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Relationship between Fatty Liver and Pancreatitis

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DOI: 10.4236/ijcm.2018.94021    216 Downloads   557 Views  

ABSTRACT

Objective: We aim to explore the relationship between fatty liver and the severity of acute pancreatitis. Methods: The data of 128 patients with acute pancreatitis in the Xiaogan Central Hospital of Hubei from October 2016 to October 2017 were retrospectively analyzed. Clinical data of patients with fatty liver and non-fatty liver were statistically analyzed, the CT value of the liver and spleen was measure, and fatty liver was defined as mean L/SCT value < 1. Results: Among 128 patients, fatty liver was found in 56 (43.8%) and nonfatty liver in 72 (56.2%). Compared with patients with non fatty liver disease, the severity of pancreatitis, blood triglyceride and C reactive protein levels were higher in fatty liver patients, higher proportion of patients with local complications and persistent organ failure. Conclusion: Fatty liver has a greater impact on the severity of acute pancreatitis. It is possible to be an indicator of the severity of acute pancreatitis.

1. Introduction

Acute pancreatitis is a kind of inflammatory injury caused by pancreatic tissue self-digestion, such as pancreatic edema, hemorrhage and necrosis, most of which are mild lesions with good prognosis, but 20% is severe acute pancreatitis, the mortality rate is 15% - 20%, which requires strict monitoring [1] . Therefore, it is of great clinical significance to predict and classify the condition of patients with acute pancreatitis, and to carry out early intensive care and nutritional support for critical patients.

Fatty liver is associated with a variety of gastrointestinal diseases, including AP. Low density liver changes are often found on plain abdominal CT scans in patients with AP [2] . However, there is no systematic study of fatty liver on the development and prognosis of AP. The purpose of this study was to investigate the effect of fatty liver on the development and prognosis of AP.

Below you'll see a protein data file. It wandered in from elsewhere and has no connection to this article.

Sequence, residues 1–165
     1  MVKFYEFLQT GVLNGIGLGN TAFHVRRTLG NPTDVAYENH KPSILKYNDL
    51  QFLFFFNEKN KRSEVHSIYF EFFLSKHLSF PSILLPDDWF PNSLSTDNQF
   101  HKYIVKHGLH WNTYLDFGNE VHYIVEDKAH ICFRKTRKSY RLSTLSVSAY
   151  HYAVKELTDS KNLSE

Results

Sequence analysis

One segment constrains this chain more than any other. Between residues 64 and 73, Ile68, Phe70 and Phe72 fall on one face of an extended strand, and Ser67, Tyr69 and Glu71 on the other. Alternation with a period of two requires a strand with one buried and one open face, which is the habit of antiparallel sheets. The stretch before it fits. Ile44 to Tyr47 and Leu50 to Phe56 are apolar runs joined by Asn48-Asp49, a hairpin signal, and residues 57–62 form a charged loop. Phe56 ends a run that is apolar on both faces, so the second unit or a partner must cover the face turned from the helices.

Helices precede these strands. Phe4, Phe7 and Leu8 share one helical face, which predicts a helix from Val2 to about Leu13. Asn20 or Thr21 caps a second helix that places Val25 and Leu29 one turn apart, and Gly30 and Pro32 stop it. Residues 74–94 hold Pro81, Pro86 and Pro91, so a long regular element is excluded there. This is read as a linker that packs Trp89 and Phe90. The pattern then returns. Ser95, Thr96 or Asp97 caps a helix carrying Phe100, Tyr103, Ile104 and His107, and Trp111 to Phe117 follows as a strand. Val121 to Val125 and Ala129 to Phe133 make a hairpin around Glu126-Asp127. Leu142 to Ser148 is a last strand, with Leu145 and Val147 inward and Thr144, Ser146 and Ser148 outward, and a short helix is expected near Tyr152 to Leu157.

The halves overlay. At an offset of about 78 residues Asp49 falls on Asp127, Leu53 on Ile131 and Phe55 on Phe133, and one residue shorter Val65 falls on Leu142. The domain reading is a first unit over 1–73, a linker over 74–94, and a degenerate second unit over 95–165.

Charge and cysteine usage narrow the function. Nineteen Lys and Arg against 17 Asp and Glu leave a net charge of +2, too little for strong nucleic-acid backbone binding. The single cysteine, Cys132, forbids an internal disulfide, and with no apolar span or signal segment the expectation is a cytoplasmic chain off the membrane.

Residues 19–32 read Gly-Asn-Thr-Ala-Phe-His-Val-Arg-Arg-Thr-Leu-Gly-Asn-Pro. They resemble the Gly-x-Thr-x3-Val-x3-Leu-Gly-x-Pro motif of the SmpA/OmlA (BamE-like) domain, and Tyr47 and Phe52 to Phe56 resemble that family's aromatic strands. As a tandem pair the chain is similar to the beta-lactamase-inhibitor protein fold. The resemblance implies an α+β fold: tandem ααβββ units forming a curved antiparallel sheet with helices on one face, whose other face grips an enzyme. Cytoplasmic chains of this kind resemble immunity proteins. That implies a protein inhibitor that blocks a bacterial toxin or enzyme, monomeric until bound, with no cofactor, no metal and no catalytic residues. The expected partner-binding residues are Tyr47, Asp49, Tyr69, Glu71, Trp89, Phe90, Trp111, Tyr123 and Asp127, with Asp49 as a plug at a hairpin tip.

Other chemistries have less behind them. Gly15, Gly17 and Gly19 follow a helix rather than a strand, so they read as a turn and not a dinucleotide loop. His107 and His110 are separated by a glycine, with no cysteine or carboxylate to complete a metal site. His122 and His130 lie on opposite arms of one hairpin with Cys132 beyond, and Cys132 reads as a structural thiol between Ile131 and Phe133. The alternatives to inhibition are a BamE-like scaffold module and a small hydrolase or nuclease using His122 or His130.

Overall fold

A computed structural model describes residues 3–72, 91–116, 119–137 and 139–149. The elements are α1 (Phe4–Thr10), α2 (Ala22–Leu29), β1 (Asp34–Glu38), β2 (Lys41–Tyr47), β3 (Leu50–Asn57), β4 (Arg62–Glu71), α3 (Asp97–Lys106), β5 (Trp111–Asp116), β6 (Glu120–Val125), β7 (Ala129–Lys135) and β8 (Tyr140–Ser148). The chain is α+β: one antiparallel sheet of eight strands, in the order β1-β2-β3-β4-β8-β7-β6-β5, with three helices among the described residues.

2. Materials and Methods

1) General Information

From October 2016 to October 2017, 128 patients with acute pancreatitis were collected from Xiaogan Central Hospital, including 76 males and 52 females, with an average age of 52.7 ± 14.9 years. Inclusion criterion: 1) accord with the diagnostic criteria of acute pancreatitis [3] : Two of the following three features need to be satisfied: a) Abdominal pain accords with the characteristics of acute pancreatitis (acute onset of persistent severe upper abdominal pain, It can often be released to the back); b) serum lipase or amylase is at least three times higher than the normal upper limit; c) imaging examination with characteristic changes in acute pancreatitis. 2) Abdominal CT plain scan is performed within 24 hours after onset of the disease. Exclusion standard: a) no abdominal CT scan was performed within 24 hours; b) incomplete clinical data; c) Splenectomy patients.

2) According to the consensus of diagnosis and treatment of acute pancreatitis in 2015 in China [4] , acute pancreatitis is divided into three categories: mild, moderate severe and severe. Mild acute pancreatitis with no organ failure, no local or systemic complications; Moderate severe acute pancreatitis is associated with local or systemic complications, with transient organ failure and recovery within 24 hours, with no persistent organ failure. Temporary organ failure can be recovered within 24 hours, and no persistent organ failure can be achieved within 24 hours; severe acute pancreatitis with persistent organ failure for more than 48 hours. Persistent organ failure is defined as organ failure lasting more than 48 hours. Early local complications include acute peripancreatic fluid accumulation and acute necrotic accumulation.

3) Image analysis, measurement and calculation